No Special Powers for Passing Probabtion

#HRFridayfact: Probationary periods are best practice rather than a legal requirement & employees do not gain special powers upon passing.

It’s a misconception that once a new employee has passed his or her probationary period that they suddenly become dismissal-proof or gain special rights. We recommend that organisations use probationary periods as a management tool, however they are not a legal requirement.

If your probationary process is properly executed then the need to dismiss someone after they have met their probation criteria should raise questions within your organisation. When it does happen though, best practice suggests that a disciplinary process may be the best route to take to minimise the company’s exposure to risk.

Probationary periods are usually set for three months as this is deemed to be a fair period of time to make an assessment of an employee, their behaviour and productivity. It is the timescale adopted by most although shorter or longer periods are perfectly acceptable and should be driven by the particular job and needs of the business.

Throughout the probationary period, the employee should undergo a properly planned induction process and receive regular feedback. Leaving someone to their own devices followed by a judgment at the three month mark isn’t really fair. The employee should be made aware whether or not their performance is meeting the required standard throughout the probation period and given the opportunity to amend it if it isn’t.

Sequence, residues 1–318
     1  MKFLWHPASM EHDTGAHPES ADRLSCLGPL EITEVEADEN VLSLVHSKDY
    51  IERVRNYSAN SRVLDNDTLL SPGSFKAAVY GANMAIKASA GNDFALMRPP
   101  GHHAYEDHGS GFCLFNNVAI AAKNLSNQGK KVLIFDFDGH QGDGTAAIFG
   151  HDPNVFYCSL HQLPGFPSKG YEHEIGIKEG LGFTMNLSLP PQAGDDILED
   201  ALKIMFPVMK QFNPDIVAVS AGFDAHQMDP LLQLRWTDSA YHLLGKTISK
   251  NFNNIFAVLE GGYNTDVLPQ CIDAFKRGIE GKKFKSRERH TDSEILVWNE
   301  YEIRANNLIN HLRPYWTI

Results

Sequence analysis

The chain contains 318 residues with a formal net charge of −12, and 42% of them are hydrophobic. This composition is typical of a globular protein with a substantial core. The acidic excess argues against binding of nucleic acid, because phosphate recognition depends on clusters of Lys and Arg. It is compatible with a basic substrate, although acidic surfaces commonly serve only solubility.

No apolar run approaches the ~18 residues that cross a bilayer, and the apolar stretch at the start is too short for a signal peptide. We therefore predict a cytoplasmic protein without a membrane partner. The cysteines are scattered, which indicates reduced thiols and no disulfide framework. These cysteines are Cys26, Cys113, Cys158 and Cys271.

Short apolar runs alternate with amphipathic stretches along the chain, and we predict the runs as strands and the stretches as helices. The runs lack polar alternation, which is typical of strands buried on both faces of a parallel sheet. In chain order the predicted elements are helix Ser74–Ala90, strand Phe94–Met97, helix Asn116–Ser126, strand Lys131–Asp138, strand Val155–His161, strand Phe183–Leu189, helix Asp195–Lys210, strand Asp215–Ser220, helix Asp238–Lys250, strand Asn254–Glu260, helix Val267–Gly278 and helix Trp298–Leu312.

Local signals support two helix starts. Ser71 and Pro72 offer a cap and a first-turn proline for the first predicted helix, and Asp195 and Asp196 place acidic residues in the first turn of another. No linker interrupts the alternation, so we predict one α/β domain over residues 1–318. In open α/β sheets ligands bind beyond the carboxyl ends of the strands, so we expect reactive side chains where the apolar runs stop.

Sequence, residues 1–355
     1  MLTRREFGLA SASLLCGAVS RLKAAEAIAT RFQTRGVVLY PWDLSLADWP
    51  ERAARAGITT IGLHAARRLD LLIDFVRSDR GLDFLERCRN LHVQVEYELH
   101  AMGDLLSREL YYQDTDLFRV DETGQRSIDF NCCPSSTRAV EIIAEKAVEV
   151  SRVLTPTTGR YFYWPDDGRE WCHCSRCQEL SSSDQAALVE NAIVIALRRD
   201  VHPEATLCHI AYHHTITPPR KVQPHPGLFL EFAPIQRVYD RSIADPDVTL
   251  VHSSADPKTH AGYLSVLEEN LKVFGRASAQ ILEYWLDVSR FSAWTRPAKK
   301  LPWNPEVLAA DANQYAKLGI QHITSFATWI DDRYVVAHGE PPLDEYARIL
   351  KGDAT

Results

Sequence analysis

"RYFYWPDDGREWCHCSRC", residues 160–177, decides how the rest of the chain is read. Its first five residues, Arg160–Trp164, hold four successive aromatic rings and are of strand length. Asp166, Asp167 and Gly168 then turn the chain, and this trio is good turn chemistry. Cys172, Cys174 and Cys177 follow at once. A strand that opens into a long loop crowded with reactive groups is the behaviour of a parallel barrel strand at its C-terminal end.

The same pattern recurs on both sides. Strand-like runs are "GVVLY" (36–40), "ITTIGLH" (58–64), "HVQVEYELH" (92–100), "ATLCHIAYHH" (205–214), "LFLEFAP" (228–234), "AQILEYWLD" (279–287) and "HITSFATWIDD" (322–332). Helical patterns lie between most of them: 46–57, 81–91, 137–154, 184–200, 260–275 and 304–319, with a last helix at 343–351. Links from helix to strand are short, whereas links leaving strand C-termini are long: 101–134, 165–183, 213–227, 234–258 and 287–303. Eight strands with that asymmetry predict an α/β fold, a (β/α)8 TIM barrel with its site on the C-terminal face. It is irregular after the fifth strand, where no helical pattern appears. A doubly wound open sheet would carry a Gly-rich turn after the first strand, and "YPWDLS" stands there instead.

If the employee doesn’t meet required standards by their probation term then it’s okay to simply dismiss. However, if you’ve managed the process properly, the dismissal won’t come as a surprise.

If, at the end of probation, the employee still hasn’t reached standard but the employer can see that there is potential to do so, an extension of the probationary period may be a suitable course of action. The probation can be extended for any appropriate period.

Whether the probationary period is passed or extended should be confirmed in writing so that the employee knows where they stand and no assumption of passing probation is made.

Occasionally we hear about members of staff whose performance has dropped following the end of their probation and their employer wants to know what they should do. We usually recommend performance managing the individual but, as full employment rights are not achieved until two years’ service, it’s not strictly necessary so a simple dismissal is always an option until then. This is unless there are any discrimination risks however as there is no length of service eligibility for a discrimination claim.

For further help and advice with probationary periods and induction programmes, call us on 01452 331331 or email

27 July 2017, 16:04